Solar concentrators in the desert

There has been talk about building a huge array of solar concentration mirrors in a desert to generate electricity. There are already a number of plants that do this. The mirrors concentrate the rays of the sun and the energy is converted from radiation into heat. The heat is used to create steam which drives a steam turbine generator producing current.

You could have solar concentrators in the desert. One idea is that fifty square kilometres of the Sahara desert covered with concentrators and turbines could provide enough power for the United Kingdom. What are the practical issues for these types of schemes?

In terms of the engineering they work. You need to locate the mirrors in a hot place where there is almost no cloud cover so that they can collect direct sunlight. The Sahara desert would be an ideal location.

You need to find a place where the sizeable land area is cheap – like the desert – and where you activities will not release soil carbon, and again a hot desert qualifies admirably here. Of course having such a huge land area covered with concentrators does prevent a security problem because they can be easy to destroy and the sheer size of the land area makes it hard to police.

Getting the electricity from the desert to the United Kingdom would need a very robust grid of pylons and transmission stations, to boost the power as it travels to prevent transmission losses. The way we do things now the transmission losses would be considerable – from the middle of the Sahara to the United Kingdom might involve a transmission loss of 30% of the power generated although here are ways to considerably reduce this loss if the reduction is cost effective; it may not be, because, after all the source of the power – sunlight – is free.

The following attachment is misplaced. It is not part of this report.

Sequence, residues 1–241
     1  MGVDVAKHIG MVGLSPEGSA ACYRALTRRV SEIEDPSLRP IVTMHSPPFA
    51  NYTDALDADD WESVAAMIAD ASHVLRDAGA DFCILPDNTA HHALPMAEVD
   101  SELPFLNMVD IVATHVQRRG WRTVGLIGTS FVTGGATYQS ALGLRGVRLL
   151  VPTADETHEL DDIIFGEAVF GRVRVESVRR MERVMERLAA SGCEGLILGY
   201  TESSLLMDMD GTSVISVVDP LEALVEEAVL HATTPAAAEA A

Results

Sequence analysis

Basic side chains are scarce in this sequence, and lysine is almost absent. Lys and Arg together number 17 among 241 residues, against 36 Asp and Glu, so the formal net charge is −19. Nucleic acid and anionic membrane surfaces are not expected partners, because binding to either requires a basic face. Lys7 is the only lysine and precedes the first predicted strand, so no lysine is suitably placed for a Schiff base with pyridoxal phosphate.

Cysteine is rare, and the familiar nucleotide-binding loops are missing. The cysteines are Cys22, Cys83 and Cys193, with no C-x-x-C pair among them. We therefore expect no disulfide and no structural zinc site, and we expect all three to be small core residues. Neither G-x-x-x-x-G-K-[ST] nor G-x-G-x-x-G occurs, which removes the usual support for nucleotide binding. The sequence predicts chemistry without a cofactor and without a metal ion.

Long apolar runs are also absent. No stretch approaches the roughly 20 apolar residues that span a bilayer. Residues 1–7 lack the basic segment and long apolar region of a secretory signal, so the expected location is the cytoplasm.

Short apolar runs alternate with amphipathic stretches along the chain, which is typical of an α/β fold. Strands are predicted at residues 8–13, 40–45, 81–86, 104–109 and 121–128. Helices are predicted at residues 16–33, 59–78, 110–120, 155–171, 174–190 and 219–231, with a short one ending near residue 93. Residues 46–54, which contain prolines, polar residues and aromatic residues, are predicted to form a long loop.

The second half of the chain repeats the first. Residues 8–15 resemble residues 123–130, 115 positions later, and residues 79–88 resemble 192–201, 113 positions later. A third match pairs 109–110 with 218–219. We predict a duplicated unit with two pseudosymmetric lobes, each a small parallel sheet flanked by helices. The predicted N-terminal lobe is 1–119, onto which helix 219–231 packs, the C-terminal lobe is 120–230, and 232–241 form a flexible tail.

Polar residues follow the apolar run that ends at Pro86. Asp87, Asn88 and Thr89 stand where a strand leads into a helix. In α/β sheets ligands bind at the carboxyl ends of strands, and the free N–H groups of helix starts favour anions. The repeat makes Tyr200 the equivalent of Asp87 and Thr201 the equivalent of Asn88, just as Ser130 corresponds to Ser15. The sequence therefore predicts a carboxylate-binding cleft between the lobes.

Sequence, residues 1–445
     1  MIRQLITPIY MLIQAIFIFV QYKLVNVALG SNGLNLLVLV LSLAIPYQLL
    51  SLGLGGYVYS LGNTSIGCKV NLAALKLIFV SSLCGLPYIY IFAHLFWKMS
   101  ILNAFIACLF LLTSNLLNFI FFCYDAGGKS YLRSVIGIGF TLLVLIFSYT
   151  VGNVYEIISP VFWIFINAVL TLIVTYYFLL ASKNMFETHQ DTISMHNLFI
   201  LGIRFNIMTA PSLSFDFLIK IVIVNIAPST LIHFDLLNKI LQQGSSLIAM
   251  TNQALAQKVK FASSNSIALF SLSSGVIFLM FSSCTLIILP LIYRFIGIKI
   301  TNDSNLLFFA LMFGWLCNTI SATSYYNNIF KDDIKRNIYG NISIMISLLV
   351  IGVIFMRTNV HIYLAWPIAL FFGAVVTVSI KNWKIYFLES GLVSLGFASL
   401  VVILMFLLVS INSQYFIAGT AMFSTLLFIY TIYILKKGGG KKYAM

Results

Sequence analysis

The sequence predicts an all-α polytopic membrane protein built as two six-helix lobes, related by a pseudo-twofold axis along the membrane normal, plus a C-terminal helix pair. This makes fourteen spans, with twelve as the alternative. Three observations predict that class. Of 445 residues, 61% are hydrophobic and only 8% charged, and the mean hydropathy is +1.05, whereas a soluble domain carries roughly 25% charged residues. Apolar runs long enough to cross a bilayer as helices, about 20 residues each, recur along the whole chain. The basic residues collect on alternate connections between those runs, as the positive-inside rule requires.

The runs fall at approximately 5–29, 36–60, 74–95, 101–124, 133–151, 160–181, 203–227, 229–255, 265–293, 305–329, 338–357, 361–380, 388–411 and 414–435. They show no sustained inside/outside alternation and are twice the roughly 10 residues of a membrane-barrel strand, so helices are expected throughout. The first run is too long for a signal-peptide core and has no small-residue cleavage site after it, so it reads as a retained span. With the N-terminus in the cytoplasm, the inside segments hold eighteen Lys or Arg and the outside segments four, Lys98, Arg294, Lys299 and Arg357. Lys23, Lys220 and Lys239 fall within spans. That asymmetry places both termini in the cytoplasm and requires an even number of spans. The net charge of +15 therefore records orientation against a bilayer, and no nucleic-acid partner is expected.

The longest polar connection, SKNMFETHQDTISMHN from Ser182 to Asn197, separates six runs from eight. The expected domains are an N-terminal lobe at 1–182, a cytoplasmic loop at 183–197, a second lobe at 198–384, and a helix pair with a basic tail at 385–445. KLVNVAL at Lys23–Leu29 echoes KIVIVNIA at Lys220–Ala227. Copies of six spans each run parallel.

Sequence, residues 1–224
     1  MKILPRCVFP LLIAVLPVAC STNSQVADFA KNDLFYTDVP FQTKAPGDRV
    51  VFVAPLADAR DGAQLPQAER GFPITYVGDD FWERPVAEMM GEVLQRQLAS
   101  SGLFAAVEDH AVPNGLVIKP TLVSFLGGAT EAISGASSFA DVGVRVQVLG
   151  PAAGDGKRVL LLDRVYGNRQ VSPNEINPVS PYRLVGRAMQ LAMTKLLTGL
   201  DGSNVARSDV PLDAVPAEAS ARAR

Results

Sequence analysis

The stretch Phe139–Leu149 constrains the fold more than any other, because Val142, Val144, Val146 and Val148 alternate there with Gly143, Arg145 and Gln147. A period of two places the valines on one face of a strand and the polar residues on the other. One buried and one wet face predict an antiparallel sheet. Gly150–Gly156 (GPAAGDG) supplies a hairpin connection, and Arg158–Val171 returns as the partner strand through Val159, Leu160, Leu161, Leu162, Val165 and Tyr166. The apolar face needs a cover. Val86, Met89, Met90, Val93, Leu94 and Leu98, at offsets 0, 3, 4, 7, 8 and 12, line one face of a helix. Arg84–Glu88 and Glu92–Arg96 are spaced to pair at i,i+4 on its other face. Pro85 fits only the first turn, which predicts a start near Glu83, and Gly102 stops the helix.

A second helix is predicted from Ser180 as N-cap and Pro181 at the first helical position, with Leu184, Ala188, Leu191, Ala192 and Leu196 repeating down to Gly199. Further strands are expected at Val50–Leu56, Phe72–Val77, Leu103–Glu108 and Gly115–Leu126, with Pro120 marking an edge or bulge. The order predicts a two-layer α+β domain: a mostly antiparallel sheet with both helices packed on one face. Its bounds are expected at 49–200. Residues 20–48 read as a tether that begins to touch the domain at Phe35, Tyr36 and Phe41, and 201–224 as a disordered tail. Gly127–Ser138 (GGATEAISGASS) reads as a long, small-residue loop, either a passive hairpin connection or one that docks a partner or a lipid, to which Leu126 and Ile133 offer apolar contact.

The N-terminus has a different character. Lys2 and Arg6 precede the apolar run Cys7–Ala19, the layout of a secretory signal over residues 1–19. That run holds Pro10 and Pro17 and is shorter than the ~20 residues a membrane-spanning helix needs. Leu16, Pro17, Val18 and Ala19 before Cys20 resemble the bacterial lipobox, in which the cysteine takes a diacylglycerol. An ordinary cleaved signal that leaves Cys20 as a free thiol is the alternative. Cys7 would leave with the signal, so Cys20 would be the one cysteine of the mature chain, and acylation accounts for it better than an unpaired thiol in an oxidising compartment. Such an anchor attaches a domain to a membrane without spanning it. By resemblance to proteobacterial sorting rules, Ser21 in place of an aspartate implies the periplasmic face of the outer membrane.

This is an environmentally friendly way of generating electricity. The carbon dioxide emission savings would be vast.

It makes sense to install concentrators supplying the towns and cities that are located on the southern side of the Mediterranean Sea – places like Tripoli and, Cairo and it will also work well for cities like Casablanca. The energy would come at a cost which will comprise mainly of the initial capital investment. There is probably scope for those states to sell some to Spain and Italy and Greece. Going further afield may be the next logical step.

By first providing the electricity to the states where the concentrators are located you give them a stake in the technology, a source of income and the logistical need to safeguard the plant. If the power is cheap enough industry can be established to use it – particularly high energy consuming industry.

There is only one problem in this idea – the sun does not shine at night. You will produce electricity intermittently. Daytime power can be useful for air conditioning as well as appliances but the problem of storing electricity is the biggest drawback of solar concentrator power.

Solar concentrators in the desert are an import part of the overall way to produce carbon free electricity. They are not a 100% solution, but then again, there is no single 100% solution.

One Response

  1. I found your site on technorati and read a few of your other posts. Keep up the good work. I just added your RSS feed to my Google News Reader. Looking forward to reading more from you down the road!

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